Editors from The Lancet, the New England Journal of Medicine, and hundreds of other medical journals have issued a joint editorial demanding “emergency action” to limit global temperature increases, including greatly increased monetary contributions and emissions cuts from wealthy nations, as well as heavy government intervention and greater global coordination.
“The greatest threat to global public health is the continued failure of world leaders to keep the global temperature rise below 1.5° C and to restore nature,” the editors wrote.
The editorial, which was widely covered by left-wing and liberal news outlets such as The Guardian, highlighted multiple public health indicators that the authors said reflect the impact of climate change.
But a look at the data suggests the editorial’s case for emergency action may not be compelling.
The indicators considered included heat-related deaths among adults 65 years of age or older, which they claim “increased by more than 50 percent” over the past two decades, according to a 2020 Lancet publication on health and climate change; that study applied a model to attribute some proportion of deaths to heat.
Yet, the proportion of the world’s population aged 65 or older has risen to 9.3 percent in 2020 from roughly 6.9 percent in 2000, according to the World Bank.
The editorial also doesn’t consider cold-related deaths that might not occur as a result of climate change. Indeed, a recent study analyzing global temperature-related deaths between 2000 and 2020 concluded that 4.6 million such deaths were related to extreme cold, while a much smaller number—roughly 490,000—were related to extreme heat.
Life expectancy around the world has continued to increase, reaching a global average of 72.6 years in 2019—longer than that of the country with the longest life expectancy in 1950, according to Our World in Data.
“The editorial claims that no increase in temperature is ‘safe.’ This is, of course, falsified by the reality that since industrialization, human population has boomed from about 1 billion to 7.8 billion. Global population has grown 75 percent since NASA’s James Hansen started fretting [over] global warming in 1980,” wrote Steve Milloy, a lawyer and the proprietor of JunkScience.com, in a message to The Epoch Times.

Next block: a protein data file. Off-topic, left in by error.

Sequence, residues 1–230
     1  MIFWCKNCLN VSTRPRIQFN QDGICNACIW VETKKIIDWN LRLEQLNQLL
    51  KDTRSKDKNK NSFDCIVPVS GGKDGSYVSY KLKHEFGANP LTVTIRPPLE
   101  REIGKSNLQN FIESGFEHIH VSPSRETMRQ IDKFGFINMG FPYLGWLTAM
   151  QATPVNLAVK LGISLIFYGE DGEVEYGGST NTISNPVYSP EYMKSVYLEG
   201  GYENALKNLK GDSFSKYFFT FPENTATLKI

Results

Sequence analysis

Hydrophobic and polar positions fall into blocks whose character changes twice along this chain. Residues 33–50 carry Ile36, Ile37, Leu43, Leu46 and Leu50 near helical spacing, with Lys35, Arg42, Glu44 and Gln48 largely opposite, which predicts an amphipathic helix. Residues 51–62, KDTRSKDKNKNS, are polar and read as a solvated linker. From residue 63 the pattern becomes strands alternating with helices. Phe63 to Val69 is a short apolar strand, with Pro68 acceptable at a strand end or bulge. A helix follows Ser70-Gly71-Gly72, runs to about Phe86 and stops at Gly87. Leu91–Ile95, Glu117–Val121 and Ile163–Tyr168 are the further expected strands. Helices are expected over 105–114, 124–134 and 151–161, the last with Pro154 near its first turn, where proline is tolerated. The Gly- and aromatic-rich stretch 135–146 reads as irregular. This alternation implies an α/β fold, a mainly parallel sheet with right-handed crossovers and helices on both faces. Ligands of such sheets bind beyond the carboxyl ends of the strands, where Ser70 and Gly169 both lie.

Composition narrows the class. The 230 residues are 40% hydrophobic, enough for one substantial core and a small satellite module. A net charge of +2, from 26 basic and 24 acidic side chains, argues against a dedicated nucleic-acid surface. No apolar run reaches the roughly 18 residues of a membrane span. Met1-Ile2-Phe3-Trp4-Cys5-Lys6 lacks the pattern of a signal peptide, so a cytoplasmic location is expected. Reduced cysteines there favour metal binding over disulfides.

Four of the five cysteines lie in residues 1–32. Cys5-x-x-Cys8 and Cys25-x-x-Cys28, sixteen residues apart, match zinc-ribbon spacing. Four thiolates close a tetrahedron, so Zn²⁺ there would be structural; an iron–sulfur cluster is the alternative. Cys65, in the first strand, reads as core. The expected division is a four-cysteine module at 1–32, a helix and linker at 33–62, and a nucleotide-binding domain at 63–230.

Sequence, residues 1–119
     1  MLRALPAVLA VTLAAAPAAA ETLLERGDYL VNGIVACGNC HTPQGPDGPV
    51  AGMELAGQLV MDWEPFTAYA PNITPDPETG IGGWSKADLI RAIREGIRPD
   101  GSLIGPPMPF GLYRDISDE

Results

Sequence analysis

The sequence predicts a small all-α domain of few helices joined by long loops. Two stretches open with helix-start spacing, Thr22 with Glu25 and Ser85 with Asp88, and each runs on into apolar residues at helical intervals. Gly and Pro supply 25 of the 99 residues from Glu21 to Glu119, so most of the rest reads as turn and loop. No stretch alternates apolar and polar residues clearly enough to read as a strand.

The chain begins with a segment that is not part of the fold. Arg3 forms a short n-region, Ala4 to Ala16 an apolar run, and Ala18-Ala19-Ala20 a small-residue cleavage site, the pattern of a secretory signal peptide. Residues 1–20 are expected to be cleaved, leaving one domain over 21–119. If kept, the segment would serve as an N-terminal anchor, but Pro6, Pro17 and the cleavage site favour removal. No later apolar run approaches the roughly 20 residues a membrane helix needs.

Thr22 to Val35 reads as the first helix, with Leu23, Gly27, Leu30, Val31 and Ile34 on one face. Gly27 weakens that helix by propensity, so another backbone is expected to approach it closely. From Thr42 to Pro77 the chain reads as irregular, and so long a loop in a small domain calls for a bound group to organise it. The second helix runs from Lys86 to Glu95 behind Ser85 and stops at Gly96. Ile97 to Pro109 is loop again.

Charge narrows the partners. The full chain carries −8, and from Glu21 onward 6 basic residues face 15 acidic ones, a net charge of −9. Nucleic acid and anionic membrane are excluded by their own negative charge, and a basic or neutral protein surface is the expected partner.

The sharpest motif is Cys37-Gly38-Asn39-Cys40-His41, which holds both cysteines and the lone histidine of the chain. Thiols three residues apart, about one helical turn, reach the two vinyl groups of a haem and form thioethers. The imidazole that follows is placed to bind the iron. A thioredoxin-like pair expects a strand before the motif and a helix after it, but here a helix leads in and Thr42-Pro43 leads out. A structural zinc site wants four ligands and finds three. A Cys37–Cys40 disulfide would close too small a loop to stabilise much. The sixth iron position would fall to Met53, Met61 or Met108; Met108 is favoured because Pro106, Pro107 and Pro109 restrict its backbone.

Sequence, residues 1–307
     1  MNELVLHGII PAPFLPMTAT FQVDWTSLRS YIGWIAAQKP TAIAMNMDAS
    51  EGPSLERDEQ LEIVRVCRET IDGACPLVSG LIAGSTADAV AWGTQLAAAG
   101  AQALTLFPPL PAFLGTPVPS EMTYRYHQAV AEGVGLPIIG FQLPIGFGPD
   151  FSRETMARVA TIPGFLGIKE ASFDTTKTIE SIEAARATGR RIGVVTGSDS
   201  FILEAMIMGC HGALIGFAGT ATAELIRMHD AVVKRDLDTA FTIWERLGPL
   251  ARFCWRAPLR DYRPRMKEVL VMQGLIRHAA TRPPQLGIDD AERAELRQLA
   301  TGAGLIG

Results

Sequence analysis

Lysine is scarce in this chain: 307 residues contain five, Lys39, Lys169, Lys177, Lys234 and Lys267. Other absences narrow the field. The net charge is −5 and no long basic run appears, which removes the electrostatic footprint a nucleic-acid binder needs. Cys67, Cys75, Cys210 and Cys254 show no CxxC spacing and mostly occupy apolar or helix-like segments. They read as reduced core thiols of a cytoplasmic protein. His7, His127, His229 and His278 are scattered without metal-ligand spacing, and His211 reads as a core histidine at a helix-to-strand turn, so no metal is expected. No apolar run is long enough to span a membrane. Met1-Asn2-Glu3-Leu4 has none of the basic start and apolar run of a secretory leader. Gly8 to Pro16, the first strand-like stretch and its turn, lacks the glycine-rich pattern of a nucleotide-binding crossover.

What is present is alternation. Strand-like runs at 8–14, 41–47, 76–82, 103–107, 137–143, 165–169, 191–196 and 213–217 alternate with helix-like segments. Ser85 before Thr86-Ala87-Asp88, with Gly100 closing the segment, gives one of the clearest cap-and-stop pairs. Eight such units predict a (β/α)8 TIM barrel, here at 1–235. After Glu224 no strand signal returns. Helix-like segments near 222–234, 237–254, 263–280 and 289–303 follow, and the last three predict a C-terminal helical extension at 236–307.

The editorial also claims that global yield potential for major crops has declined since 1981, which they say is “hampering efforts to reduce undernutrition.”
Here again, they cited the Lancet’s 2020 publication on health and climate change, which argued that the fall in yield potential was a result of crop growth duration falling—in other words, crops reaching maturity faster.
NASA scientist Jonas Jäegermeyr has argued that although “crops grow faster and bigger under higher [carbon dioxide] … the protein and micronutrient content is proportionally lower.”
A 2019 meta-analysis of 57 articles on carbon dioxide and vegetable growth concluded that elevated atmospheric carbon dioxide raised fructose, glucose, total soluble sugar, total antioxidant capacity, total phenols, total flavonoids, ascorbic acid, and calcium in plants, while lowering protein, nitrate, magnesium, iron, and zinc.
Notably, other NASA research has focused on accelerating plant growth, with an experimental light-based “speed-breeding” technique reportedly tripling wheat, barley, and chickpea production.
In practice, crop production and yields have outpaced population growth. Global cereal production has risen 280 percent between 1961 and 2014, according to Our World in Data.
“Year-to-year variation aside, global crop production is at record levels and increasing thanks to fossil-fuel-based technology as well as slight warming and increased [carbon dioxide],” said Milloy.
“Excessive/extreme heat can force plants to mature quicker and reduce yield. No question,” he added. “But that is a normal weather phenomenon farmers have been dealing with since agriculture began.”
“In the end and despite the dreaded ‘global warming,’ we produce so much food here and abroad that we burn food for energy,” added Milloy, referring to biofuels such as ethanol.
Just weeks ago, Rep. Cheri Bustos (D-Ill.) reintroduced the Next Generation Fuels Act, which would mandate that automakers’ products operate with a higher proportion of ethanol by model year 2031. U.S. fuel ethanol production has continued to increase, reaching 17.3 billion gallons in 2020.
The authors of the joint editorial also took aim at direct air capture and related technologies, writing that today’s net-zero strategies “implausibly assume that the world will acquire great capabilities to remove greenhouse gases from the atmosphere.”
The authors went on to assert that market-based solutions are “not enough,” advocating significant government intervention to “support the redesign of transport systems, cities, production and distribution of food, markets for financial investments, health systems, and much more.”
The editorial specifically urges high-income countries to radically increase their financial commitments to middle- and low-income countries, adding that financing “should be through grants rather than loans” and accompanied by debt forgiveness, along with unspecified amounts of additional funding “to compensate for inevitable loss and damage caused by the consequences of the environmental crisis.”
“Leftists hope to use climate to increase government control of the economy,” said Milloy. “U.S. geopolitical rivals and foes like Europe and Communist China hope climate regulations will harm the US economy. The wind, solar, electric vehicle, and other green tech industries hope to profit from taxpayer subsidies.”
“It is sad that medical journals are trying to exploit the junk science-fueled climate [agenda’s] corrupt purposes.”